Thermal Tuning of Ethylene/Ethane Selective Cavities of Intrinsically Microporous Polymers
KAUST DepartmentPhysical Sciences and Engineering (PSE) Division
Permanent link to this recordhttp://hdl.handle.net/10754/614078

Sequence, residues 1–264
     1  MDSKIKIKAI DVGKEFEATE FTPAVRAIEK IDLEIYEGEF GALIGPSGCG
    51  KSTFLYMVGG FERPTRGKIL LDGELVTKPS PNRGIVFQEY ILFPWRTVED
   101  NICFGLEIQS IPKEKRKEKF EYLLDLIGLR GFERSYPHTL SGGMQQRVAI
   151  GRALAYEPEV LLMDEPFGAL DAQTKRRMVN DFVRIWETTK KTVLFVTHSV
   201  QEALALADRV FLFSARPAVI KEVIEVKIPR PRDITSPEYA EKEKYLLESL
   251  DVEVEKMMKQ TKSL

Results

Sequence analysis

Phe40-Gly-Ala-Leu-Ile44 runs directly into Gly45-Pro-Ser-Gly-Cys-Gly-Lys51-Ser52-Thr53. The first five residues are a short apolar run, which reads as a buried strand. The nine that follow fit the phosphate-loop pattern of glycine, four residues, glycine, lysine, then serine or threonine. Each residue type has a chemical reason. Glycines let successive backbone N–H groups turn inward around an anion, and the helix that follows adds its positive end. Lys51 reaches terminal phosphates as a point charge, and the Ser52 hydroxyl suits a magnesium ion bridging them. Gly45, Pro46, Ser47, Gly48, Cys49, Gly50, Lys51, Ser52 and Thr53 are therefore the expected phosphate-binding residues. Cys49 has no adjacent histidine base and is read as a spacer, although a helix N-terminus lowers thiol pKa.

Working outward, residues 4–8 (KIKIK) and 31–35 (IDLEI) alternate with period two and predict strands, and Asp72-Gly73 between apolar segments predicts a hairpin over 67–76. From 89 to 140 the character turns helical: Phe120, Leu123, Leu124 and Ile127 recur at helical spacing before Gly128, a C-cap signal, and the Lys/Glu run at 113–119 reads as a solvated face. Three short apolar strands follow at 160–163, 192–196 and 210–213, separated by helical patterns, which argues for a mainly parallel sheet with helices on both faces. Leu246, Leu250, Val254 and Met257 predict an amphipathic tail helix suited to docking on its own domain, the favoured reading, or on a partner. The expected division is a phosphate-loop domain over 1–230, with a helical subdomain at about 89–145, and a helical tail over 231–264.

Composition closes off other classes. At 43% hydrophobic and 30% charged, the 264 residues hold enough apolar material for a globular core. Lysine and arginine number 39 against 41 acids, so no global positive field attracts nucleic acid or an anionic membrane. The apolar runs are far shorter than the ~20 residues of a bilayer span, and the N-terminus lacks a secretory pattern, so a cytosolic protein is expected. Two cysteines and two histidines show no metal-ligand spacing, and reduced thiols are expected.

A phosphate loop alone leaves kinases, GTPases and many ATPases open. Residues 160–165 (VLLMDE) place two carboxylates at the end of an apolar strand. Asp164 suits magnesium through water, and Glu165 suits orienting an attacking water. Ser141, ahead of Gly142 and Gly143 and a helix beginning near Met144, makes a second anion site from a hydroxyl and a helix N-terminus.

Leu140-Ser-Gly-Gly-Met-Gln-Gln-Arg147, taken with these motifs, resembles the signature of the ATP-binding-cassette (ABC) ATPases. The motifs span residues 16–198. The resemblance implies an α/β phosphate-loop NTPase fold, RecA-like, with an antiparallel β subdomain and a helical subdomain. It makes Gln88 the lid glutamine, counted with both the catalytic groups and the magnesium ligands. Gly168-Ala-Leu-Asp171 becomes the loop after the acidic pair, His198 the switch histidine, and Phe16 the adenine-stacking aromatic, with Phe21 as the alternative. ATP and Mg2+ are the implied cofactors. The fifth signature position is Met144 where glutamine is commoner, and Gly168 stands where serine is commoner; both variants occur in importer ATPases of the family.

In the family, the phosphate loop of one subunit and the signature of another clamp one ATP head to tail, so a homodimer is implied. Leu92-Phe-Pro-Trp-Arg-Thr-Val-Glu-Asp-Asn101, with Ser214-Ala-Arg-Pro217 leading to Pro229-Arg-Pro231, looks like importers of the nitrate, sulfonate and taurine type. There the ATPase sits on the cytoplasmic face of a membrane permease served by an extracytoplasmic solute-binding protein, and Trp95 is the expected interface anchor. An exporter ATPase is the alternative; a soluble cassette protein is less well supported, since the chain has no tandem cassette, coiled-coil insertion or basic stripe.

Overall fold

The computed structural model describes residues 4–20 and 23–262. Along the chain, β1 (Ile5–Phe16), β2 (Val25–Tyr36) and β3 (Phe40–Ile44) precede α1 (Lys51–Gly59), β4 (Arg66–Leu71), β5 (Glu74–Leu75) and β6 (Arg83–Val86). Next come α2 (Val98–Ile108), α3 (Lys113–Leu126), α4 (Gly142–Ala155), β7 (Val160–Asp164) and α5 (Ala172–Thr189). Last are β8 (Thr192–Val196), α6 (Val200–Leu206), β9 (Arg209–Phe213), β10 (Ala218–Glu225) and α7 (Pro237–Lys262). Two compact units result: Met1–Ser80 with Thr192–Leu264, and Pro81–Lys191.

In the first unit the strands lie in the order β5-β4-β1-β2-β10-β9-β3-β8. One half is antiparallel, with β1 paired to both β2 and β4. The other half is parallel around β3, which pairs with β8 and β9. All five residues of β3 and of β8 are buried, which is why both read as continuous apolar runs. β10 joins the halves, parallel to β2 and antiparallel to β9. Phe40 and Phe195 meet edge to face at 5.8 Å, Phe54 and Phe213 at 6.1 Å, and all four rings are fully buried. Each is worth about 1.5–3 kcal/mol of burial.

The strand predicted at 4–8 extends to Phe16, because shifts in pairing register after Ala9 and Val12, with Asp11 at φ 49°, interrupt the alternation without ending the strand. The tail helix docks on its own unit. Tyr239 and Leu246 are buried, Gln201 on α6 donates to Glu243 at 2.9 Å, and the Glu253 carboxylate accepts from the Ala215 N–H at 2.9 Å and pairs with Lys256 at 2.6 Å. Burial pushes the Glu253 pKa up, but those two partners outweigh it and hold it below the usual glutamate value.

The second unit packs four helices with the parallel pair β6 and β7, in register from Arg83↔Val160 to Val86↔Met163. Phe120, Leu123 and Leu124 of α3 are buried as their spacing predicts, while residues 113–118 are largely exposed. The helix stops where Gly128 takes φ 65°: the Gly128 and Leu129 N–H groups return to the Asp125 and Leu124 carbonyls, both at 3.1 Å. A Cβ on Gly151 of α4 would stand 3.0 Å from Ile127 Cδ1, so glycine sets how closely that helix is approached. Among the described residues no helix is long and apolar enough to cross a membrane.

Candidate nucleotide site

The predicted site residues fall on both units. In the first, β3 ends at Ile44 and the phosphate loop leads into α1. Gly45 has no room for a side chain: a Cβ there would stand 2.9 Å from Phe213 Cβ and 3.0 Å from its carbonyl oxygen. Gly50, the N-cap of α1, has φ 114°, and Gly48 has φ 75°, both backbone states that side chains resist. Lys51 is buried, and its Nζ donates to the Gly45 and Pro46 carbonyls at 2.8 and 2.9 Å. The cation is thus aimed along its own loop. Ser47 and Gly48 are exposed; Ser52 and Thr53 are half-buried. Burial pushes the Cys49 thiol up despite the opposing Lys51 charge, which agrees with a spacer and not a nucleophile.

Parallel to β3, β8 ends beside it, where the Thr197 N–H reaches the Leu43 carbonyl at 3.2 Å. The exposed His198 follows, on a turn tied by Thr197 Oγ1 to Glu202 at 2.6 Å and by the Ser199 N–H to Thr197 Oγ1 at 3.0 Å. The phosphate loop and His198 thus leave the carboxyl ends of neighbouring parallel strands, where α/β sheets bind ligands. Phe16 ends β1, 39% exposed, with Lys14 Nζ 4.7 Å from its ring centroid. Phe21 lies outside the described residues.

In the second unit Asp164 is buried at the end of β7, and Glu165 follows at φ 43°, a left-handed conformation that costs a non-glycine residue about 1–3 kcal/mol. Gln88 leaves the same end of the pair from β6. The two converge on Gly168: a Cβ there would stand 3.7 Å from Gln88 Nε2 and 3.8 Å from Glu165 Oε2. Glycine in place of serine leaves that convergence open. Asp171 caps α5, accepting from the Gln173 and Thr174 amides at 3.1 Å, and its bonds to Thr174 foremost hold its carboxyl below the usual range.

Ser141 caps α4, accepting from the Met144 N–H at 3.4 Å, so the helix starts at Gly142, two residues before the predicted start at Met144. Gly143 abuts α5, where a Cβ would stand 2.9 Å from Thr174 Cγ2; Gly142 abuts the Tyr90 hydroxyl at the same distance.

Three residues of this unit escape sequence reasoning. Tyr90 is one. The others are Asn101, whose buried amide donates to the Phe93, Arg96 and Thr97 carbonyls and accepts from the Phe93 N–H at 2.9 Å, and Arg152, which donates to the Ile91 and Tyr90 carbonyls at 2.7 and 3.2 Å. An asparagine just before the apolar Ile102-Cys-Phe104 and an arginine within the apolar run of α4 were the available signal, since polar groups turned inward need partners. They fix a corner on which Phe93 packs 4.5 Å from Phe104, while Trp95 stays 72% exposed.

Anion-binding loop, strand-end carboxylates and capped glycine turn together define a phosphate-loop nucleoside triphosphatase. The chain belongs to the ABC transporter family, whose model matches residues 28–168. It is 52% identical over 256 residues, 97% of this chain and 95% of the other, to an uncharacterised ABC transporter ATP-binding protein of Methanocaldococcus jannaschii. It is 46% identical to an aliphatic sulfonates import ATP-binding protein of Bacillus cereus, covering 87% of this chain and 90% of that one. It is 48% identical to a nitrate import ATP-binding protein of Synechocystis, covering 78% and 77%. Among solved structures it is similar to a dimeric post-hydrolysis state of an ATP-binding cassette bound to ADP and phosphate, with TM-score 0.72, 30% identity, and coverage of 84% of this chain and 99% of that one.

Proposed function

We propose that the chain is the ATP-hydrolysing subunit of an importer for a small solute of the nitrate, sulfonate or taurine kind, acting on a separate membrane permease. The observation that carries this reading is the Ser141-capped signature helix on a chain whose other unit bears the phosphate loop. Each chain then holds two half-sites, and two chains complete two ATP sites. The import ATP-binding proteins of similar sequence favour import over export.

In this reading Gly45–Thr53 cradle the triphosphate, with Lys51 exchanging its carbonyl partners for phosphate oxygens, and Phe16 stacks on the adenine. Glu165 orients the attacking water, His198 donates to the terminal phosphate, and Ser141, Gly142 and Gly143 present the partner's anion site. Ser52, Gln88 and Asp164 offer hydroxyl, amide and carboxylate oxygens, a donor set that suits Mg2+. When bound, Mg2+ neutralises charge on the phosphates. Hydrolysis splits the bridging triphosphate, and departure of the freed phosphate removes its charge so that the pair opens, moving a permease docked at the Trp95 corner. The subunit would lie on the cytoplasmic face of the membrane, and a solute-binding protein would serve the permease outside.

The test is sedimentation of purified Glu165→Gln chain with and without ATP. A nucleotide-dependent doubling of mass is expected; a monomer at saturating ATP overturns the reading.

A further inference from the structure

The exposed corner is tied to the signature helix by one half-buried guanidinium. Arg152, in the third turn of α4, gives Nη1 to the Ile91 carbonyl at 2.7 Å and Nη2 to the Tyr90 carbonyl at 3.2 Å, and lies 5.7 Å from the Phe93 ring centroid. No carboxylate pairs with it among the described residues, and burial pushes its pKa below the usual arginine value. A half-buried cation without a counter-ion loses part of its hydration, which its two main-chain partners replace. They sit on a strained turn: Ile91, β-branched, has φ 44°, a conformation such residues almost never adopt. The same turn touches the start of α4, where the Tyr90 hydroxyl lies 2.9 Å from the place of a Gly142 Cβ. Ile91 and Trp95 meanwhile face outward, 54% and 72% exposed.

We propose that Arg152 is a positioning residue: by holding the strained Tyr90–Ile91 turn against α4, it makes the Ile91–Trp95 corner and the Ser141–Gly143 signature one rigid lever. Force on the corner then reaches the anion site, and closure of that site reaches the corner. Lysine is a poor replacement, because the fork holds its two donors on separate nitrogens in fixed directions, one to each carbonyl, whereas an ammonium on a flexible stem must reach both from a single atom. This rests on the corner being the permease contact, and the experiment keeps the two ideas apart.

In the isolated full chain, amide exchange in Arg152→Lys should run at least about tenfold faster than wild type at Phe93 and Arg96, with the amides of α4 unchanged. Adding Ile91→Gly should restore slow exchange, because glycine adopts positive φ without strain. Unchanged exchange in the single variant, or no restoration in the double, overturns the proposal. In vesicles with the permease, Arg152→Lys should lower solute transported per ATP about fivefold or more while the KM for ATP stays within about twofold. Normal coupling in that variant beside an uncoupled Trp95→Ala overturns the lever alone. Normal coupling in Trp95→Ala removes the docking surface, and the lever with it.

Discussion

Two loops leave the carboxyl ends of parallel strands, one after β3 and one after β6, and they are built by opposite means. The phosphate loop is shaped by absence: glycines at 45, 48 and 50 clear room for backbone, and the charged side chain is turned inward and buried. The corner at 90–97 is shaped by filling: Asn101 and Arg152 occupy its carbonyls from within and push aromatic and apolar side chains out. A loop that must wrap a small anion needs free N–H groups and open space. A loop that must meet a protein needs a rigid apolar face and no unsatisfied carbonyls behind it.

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AbstractEthylene is the most important organic molecule with regard to production volume. Therefore, the energy spent in its separation processes, based on old-fashioned distillation, takes approx. 33% of total operating costs. Membranes do not require significant thermal energy input; therefore, membrane processes may separate hydrocarbons cheaply and just as reliably as distillation columns. Olefin/paraffin separations are the future targets of commercial membrane applications, provided high-performing materials become available at reasonable prices. This thesis addresses the development of advanced carbon molecular sieve (CMS) membranes derived from intrinsically microporous polymers (PIMs). Chronologically, Chapter 4 of this work reports the evaluation of PIMs as potential ethylene/ethane selective materials, while Chapters 5 to 7 propose PIMs as carbonization precursors. The gravimetric sorption studies conducted in this work regarding both the polymers and their heated-derivatives revealed that this separation is entirely controlled by diffusion differences. The pristine polymers examined in this study presented BET surface areas from 80 to 720 m2g-1. Furthermore, the effect of using bromine-substituted PIM-polyimides elucidated a boost in ethylene permeability, but with a significant drop in selectivity. The hydroxyl functionalization of PIM-polyimides was confirmed as a valuable strategy to increase selectivity. Functionalized PMDA-HSBF is the most selective polyimide of intrinsic microporosity known to date (= 5.1) due to its hydrogen-bonded matrix. In spite of their novelty, pristine PIMs based on the spirobisindane moiety were not tight enough to distinguish between the 0.2 Å difference in diameter of the ethylene/ethane molecules. Therefore, they did not surpass the upper bound limit performance of known polymeric membranes. Nevertheless, the carbons derived from these polymers were excellent ethylene/ethane sieves by virtue of their narrow and tight pore distribution around the 3.6- 4.4 Å range. PIM-based carbons were typically 10 times more permeable than their corresponding low free-volume analogues treated after the weight-loss of the sample reached a plateau. Furthermore, carbons derived from PIM-6FDA-OH and PIM-6FDA at 800 ºC were as ethylene separating efficient as their lower free-volume counterparts. The pore sintering mechanism that takes place above 600 ºC during the carbonization procedure of these films reduced the entropic freedom of the molecules, as was observed from separation factors of up to 25 under pure-gas conditions and 2 bar of pressure— The best performing CMS membranes reported to date for ethylene/ethane separation. The mixed-gas separation of 1:1 binary ethylene/ethane mixtures revealed a significant decrease of the pure-gas measurements due to a carbon matrix dilation effect. This localized ultramicroporous dilation caused the ethane permeation rate to increase monotonically as the pressure rose to realistic operating values. Nevertheless, the CMS obtained from PIM-6FDA and PIM-6FDA-OH surpassed any diffusion-controlled polymer or carbon that has been reported to date.